Government

Bruce Bergen – Springfield Resident and Chairman of Union County Freeholders

January 11, 2017 at 12:30 PM

SPRINGFIELD, NJ – Springfield resident Bruce Bergen holds one of the most powerful political positions in Union County.  On January 8, he was selected Chairman of the Board of the Union County Freeholders for the second year in a row.  He has been on the Freeholder board since 2013.  A practicing attorney, he served as Springfield Township attorney for 17 years.  He says his experience has put him “…in the trenches of municipal government.”

At the reorganization meeting, Bergen announced his “Connecting our Community” initiatives for 2017.  They are included at the end of this article and they tie to his views about how county government can best serve its constituents.

His two guides for governing at the county level include first “Do what cannot be done by municipal government”.  In most cities that includes services like the administrative services of municipal government, police and fire as well as the schools.  He feels the County should “Do what municipalities cannot do and when possible provide what is not otherwise available.”

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Two examples he gave of activities Union County provides for its residents that are not available at the municipal level are skating rinks and the Watchung Stables. 

Union County currently provides one rink and it is at the Warinanco Skating Rink located in Roselle.  It is undergoing a $7 million renovation to be completed in 2017 that is expected to double the size of the space of the complex.  Another rink is expected to be built at Oak Ridge in Clark.  Combined these rinks are expected to help better support the demand for rink time of the many high school programs in Union County while reducing the need for very early morning practice times.

The Watchung Stable was part of the County Parks system when it was started in 1925.  The Freeholders announced a major $2.3 million renovation and expansion of the stables in September 2015 to include a new indoor riding ring for year-round use and better heated stables.  The announcement included this, “Along with golf, tennis, swimming and other facilities in County parks, Watchung Stable was established to provide all County resident with access to a popular activity that would otherwise require membership in private clubs and riding facilities.”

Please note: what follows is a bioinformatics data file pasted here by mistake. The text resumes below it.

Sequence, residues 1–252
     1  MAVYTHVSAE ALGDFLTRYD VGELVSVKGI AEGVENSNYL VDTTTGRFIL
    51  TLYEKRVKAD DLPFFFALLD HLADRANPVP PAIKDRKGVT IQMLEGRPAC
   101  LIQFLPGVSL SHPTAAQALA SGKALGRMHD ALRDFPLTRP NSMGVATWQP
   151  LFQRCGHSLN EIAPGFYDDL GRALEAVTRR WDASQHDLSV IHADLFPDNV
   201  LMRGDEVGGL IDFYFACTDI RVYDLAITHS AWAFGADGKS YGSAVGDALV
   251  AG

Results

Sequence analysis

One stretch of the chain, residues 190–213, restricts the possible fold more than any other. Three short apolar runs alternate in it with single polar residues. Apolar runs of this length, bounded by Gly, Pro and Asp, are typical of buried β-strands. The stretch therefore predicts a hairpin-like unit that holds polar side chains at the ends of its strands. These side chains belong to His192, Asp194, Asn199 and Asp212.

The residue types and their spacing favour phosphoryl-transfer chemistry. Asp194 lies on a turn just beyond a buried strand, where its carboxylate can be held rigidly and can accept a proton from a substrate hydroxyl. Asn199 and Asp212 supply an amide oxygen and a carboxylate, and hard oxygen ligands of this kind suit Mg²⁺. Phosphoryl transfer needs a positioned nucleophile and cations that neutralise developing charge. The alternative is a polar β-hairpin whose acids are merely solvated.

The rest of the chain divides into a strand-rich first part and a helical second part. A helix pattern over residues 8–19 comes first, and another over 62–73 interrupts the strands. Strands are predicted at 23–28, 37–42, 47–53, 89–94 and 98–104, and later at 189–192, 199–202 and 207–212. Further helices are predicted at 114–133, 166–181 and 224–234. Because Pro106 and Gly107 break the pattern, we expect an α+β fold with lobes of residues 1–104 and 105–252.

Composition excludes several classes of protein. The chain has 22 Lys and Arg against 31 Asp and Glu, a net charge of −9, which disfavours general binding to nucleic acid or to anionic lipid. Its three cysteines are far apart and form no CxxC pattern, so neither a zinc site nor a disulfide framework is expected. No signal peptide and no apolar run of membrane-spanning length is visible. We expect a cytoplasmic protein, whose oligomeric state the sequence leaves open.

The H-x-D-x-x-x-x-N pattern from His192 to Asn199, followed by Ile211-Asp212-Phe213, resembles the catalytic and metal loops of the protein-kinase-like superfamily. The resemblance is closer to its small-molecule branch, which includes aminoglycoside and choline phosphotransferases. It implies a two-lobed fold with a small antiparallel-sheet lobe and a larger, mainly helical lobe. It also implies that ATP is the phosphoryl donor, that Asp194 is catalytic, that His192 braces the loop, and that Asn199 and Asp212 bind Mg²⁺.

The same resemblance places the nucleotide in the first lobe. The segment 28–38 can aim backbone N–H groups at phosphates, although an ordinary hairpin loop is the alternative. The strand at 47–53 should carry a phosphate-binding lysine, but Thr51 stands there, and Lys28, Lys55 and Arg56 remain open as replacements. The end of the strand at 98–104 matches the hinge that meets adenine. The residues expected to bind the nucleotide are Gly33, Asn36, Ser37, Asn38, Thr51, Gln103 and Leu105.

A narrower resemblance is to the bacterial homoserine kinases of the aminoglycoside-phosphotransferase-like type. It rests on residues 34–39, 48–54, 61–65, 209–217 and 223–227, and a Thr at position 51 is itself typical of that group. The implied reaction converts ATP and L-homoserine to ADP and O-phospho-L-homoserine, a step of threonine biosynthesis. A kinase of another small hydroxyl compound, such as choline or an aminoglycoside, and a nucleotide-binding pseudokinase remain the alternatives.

For Springfield, Bergen has served as the city’s Township attorney and is currently Springfield’s the attorney for their housing litigation.  He is also a partner of law firm of Krevsky, Silber & Bergen, a Cranford law firm. 

From his perspective as a resident, he feels, “Springfield people are friendly; they really care for each other and are always willing to help out.”  Some of the local charities he highlighted that reflect that attitude include Springfield H.O.P.E., veterans and Springfield Rotary.

He is hopeful there will continue to be more development along the Morris Avenue corridor.  He noted he worked on the original underpinnings for the effort about eight years and that now some progress is being made.  One source of improvement is expected to be the moving of the DPW away from downtown and out of the old Hershey Building on Morris Avenue.  That building is expected to be redeveloped.

Changing the structure of government is not something he recommends.  He noted that all of the three prior studies recommended staying with the status quo.  To him, the most important factor in government is the quality of the people serving.  In his opinion, “Springfield’s government works fine.” 

When we discussed areas where the county and Township worked together, he had a lot to say.   Springfield does receive infrastructure grants from the county.  In 2016 the grants were used for paving and in 2017 they will be available again for paving

A product the county developed and made available to its municipalities is a GIS program that allows the user to chart roads and properties as well floor plans.  It should help improve protection preparedness according to Bergen.  He noted most municipalities are already using it.